Often referred to as Overbecks, perched high on the cliffs of Salcombe, this is a hidden paradise of subtropical gardens with all sorts of fascinating things to explore inside the house as well.
It's perfect for all the family to enjoy but if you are a keen gardener it is an absolute must to while away a day or two here amongst the banana gardens and palms.
The Edwardian house is set in a 7 acre garden, named after an eccentric scientist called Otto Overbeck who bought it in 1928 and lived there creating all sorts of wonderful inventions such as the 'rejuvenator'. Have fun listening to his 'polyphon' a giant Victorian music box and other intriguing and eclectic collections of maritime and natural history.
In the late 19th Century Salcombe was a major shipping centre in the fruit trade, hence why many of the gardens' plants are subtropical with vessels sailing to far flung places such as Iberia, the Mediterranean, the West Indies as well as the Azores. In 1914 there were only three or four local trading ships and Salcombe had become known as a destination for pleasure sailing with the Salcombe Sailing Club founded in 1922.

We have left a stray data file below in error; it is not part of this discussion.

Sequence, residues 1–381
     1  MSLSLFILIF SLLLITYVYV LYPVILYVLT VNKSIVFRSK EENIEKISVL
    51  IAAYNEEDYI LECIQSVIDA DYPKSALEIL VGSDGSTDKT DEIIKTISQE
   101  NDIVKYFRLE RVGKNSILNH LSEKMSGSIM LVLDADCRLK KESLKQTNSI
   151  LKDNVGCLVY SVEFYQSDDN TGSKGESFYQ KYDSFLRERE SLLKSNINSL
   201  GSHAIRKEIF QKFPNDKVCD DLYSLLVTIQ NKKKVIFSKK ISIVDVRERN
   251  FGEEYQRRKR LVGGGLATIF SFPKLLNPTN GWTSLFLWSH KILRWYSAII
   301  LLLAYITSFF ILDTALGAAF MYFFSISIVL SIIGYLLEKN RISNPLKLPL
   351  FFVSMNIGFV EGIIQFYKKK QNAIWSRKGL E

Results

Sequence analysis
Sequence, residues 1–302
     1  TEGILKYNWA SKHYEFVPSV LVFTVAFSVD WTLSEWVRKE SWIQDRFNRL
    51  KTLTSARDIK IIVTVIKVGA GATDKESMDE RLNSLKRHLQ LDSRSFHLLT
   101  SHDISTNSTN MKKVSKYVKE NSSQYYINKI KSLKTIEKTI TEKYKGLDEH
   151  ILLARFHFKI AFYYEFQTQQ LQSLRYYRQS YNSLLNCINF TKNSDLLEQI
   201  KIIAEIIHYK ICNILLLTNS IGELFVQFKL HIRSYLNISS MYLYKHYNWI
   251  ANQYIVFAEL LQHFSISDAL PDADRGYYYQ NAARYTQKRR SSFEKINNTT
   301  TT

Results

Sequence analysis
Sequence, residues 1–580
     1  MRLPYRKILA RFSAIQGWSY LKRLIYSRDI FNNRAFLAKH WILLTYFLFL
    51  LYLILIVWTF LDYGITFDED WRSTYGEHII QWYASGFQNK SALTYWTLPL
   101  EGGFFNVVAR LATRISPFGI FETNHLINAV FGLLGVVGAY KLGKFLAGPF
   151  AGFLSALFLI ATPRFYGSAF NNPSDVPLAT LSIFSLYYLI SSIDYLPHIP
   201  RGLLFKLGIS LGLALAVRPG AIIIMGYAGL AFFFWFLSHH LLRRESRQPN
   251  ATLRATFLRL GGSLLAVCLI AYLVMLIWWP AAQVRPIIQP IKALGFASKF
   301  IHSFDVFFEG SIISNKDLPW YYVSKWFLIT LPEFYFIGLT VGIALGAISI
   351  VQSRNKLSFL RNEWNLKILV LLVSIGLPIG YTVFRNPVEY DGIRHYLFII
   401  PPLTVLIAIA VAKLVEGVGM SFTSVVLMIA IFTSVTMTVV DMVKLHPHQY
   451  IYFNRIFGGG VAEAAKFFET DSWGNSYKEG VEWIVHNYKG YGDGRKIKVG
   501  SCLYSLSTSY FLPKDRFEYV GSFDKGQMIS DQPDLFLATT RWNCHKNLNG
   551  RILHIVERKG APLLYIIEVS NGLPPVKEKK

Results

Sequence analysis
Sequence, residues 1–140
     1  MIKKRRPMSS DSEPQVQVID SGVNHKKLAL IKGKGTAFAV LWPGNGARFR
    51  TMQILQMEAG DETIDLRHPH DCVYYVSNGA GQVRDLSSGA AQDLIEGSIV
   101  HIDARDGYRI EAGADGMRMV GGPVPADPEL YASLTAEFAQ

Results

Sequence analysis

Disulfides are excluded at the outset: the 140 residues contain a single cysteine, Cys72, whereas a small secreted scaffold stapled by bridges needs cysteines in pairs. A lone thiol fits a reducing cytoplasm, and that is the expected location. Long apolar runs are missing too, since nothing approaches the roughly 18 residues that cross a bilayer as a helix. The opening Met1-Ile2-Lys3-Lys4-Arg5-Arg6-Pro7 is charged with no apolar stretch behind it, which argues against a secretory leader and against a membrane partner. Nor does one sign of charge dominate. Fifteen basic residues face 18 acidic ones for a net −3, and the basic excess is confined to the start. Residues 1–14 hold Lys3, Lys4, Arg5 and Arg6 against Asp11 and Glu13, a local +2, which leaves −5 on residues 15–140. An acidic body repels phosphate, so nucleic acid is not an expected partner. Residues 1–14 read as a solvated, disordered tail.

The house is now divided between a museum and YHA youth hostel. Otto Overbeck bequeathed the property and the gardens to the National Trust on his death, to be used as a public park and museum. The museum is also known for the display of boats and shipwrecks such as Herzogin Cecilie, which came to rest in Starehole Bay just a little further along the coast path to Bolt Head.
- Parking - Plenty
- Accessibility - No problem
- Toilets - Yes
- Refreshments - Yes
- Dogs - Not allowed in the main grounds.
Historians, wildlife, gardens and coast path walking.
Look out for
Do look out for the room with the dolls house and "Fred the friendly ghost" - can you find the secret door?
It's a fact !
Otto gave it to the National Trust on provision that it was 'not used as a brothel' as so many other properties in the surrounding area had become!
There is a plant named 'Sharpitor', its Latin name is: Fuchsia Magellanica Molinae. It has pink flowers and red fruit, can you see one?
Look for the Humming birds.